Same-sex marriage around the world, 20 years after Dutch first

Thursday, 1 April 2021 12:52 GMT

Dutch couple Gert Kasteel and Dolf Pasker look at newspaper articles that featured them on their wedding 20 years ago in the world's first legally-recognised same-sex wedding and on the state of LGBT rights two decades on, in Weesp, Netherlands March 31, 2021. REUTERS/Piroschka van de Wouw

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Two decades since the Netherlands went first, more than two dozen other nations have legalised same-sex marriage

By Rachel Savage

LONDON, April 1 (Openly) - Exactly 20 years ago, one lesbian couple and three gay couples tied the knot in Amsterdam's city hall - making history as the Netherlands became the first country to allow same-sex marriage, a step since followed by nearly 30 other nations.

During the two decades since the law took effect, thousands of gay and lesbian couples have wed in the Netherlands - representing 1.7% of all marriages, according to the national statistics bureau.

About 750 lesbian couples and 620 gay male couples have married on average annually over the last five years, and there are now some 20,000 married same-sex couples living in the country, official data shows.

Over the past five years, more than 400 same-sex marriages have ended in divorce on average annually - with the divorce rate for lesbian couples almost twice as high as that of gay men.

Here are some key facts about the legal recognition of same-sex couples around the world:

- Same-sex marriage is legal in 28 countries: Argentina, Australia, Austria, Belgium, Brazil, Britain, Canada, Colombia, Costa Rica, Denmark, Ecuador, Finland, France, Germany, Iceland, Ireland, Luxembourg, Malta, Mexico, Netherlands, New Zealand, Norway, Portugal, South Africa, Spain, Sweden, Uruguay and the United States. 

- A total of 34 countries recognise some form of civil partnership for same-sex couples.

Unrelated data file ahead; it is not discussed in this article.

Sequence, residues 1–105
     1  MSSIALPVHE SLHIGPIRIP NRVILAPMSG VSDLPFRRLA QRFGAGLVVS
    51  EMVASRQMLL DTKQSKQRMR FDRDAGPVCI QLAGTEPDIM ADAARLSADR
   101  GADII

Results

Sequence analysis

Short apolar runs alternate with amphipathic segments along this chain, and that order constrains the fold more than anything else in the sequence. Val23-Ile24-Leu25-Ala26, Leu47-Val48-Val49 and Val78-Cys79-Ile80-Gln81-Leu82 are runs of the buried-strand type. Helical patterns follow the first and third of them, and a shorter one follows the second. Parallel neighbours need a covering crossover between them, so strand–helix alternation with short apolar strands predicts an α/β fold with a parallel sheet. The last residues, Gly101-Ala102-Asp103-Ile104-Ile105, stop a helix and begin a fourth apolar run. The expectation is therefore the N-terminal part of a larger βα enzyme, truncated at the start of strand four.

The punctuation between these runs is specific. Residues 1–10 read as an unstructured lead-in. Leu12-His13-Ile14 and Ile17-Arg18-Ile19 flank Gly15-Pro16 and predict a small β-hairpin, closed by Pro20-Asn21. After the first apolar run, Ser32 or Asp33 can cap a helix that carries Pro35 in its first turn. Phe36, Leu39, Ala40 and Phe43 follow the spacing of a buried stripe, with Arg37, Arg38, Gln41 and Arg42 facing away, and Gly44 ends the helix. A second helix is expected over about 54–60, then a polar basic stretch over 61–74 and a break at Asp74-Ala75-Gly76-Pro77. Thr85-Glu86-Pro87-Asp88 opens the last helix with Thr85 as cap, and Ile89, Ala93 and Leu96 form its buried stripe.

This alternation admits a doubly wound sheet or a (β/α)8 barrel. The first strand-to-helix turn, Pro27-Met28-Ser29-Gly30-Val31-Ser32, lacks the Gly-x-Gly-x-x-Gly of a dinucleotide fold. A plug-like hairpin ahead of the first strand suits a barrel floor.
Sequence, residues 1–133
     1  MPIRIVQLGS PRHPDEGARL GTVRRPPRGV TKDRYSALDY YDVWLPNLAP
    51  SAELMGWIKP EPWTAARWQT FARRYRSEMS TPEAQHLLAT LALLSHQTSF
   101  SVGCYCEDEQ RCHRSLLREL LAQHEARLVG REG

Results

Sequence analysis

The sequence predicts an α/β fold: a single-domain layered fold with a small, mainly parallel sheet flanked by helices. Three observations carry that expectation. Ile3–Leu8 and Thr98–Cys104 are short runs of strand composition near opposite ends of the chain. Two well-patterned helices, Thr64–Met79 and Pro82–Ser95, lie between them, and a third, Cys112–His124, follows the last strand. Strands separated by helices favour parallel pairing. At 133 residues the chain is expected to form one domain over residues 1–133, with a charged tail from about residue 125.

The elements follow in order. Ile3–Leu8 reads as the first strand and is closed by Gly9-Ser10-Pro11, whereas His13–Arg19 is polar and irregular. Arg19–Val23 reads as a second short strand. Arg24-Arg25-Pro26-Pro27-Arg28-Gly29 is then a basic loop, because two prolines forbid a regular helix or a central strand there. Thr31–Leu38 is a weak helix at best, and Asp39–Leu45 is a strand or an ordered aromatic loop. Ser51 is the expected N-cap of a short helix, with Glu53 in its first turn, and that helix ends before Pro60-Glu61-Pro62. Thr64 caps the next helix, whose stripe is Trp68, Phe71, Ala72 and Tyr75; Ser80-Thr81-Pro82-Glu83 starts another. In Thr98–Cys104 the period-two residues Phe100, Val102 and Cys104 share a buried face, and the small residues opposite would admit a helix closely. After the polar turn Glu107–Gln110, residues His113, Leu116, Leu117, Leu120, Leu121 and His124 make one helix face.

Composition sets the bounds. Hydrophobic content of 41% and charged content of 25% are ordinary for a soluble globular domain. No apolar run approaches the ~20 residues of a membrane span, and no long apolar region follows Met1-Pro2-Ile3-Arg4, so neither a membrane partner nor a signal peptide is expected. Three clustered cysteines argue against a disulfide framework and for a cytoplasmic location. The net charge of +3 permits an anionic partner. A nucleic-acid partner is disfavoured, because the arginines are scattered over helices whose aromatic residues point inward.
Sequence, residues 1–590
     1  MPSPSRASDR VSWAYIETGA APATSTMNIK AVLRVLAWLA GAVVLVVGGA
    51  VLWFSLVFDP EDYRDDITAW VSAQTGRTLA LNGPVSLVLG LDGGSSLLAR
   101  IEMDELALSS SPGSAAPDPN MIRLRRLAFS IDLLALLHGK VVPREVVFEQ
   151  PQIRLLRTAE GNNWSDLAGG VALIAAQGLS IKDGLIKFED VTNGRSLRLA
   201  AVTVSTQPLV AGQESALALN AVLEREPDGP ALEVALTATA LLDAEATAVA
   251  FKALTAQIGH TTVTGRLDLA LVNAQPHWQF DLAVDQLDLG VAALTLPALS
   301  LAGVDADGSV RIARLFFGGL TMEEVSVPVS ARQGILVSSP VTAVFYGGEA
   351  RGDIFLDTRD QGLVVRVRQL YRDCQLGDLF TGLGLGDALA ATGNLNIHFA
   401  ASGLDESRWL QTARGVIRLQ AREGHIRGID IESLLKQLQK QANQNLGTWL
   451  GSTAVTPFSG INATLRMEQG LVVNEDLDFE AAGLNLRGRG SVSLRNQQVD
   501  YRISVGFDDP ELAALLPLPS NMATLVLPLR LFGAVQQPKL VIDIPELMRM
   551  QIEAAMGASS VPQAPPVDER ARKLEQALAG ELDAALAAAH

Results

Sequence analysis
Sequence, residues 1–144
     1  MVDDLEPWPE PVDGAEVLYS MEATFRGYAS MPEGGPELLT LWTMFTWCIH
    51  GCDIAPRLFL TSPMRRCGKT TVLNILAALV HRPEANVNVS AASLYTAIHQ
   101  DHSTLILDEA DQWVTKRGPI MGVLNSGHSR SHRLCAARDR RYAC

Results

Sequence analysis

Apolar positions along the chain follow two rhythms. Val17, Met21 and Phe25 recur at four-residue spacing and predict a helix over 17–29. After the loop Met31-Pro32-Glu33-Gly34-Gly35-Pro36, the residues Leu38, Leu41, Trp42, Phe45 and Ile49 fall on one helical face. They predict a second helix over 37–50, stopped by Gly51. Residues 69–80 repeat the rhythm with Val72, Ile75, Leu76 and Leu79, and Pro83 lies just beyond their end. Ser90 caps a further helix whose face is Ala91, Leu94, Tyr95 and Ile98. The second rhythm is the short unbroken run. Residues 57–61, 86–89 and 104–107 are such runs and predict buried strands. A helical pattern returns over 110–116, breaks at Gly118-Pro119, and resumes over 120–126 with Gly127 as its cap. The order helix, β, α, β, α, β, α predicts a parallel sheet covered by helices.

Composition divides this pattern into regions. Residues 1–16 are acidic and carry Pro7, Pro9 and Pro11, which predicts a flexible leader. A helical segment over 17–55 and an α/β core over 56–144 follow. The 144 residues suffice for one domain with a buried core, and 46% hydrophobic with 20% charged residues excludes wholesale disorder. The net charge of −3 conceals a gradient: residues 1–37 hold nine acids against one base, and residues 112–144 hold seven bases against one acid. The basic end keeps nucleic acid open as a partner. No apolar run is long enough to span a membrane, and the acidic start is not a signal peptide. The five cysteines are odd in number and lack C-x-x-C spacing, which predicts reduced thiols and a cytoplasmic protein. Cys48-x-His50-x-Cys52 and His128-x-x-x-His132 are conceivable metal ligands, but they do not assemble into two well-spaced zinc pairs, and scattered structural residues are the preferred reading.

- Gay marriage is hotly contested by many religious groups. Pope Francis said same-sex couples should be protected by civil union laws in a film released in October 2020, but the Vatican ruled in March that priests are not permitted to bless these unions.

- Almost a third of adults globally think people of the same sex should be allowed to marry, a survey by global LGBT+ advocacy group ILGA and research firm RIWI of almost 100,000 people in 65 countries found in 2016.

- Switzerland's parliament voted to legalise same-sex weddings in Dec. 2020, but anti-gay marriage campaigners are gathering signatures to put the issue to a national referendum this year before the law takes effect.

- In July 2020, Montenegro became the first European country outside of Western Europe and the European Union to legalise same-sex civil partnerships.

Costa Rica marked a first in Central America by giving the go-ahead to same-sex marriages in May 2020, when a landmark constitutional court ruling came into effect.

Northern Ireland became the last part of the United Kingdom to introduce equal marriage rights in February 2020.

- Taiwan was the first place in Asia to allow gay marriages in 2019.

In Africa, where same-sex sexual relations are a crime in many countries and can lead to imprisonment or the death penalty, only South Africa allows same-sex marriage.

Sources: ILGA State-Sponsored Homophobia report, Pew Research Centre, Thomson Reuters Foundation, Reuters

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(Reporting by Rachel Savage @rachelmsavage; Editing by Helen Popper and Hugo Greenhalgh. Please credit the Thomson Reuters Foundation, the charitable arm of Thomson Reuters, that covers the lives of people around the world who struggle to live freely or fairly. Visit

Openly is an initiative of the Thomson Reuters Foundation dedicated to impartial coverage of LGBT+ issues from around the world.

Our Standards: The Thomson Reuters Trust Principles.

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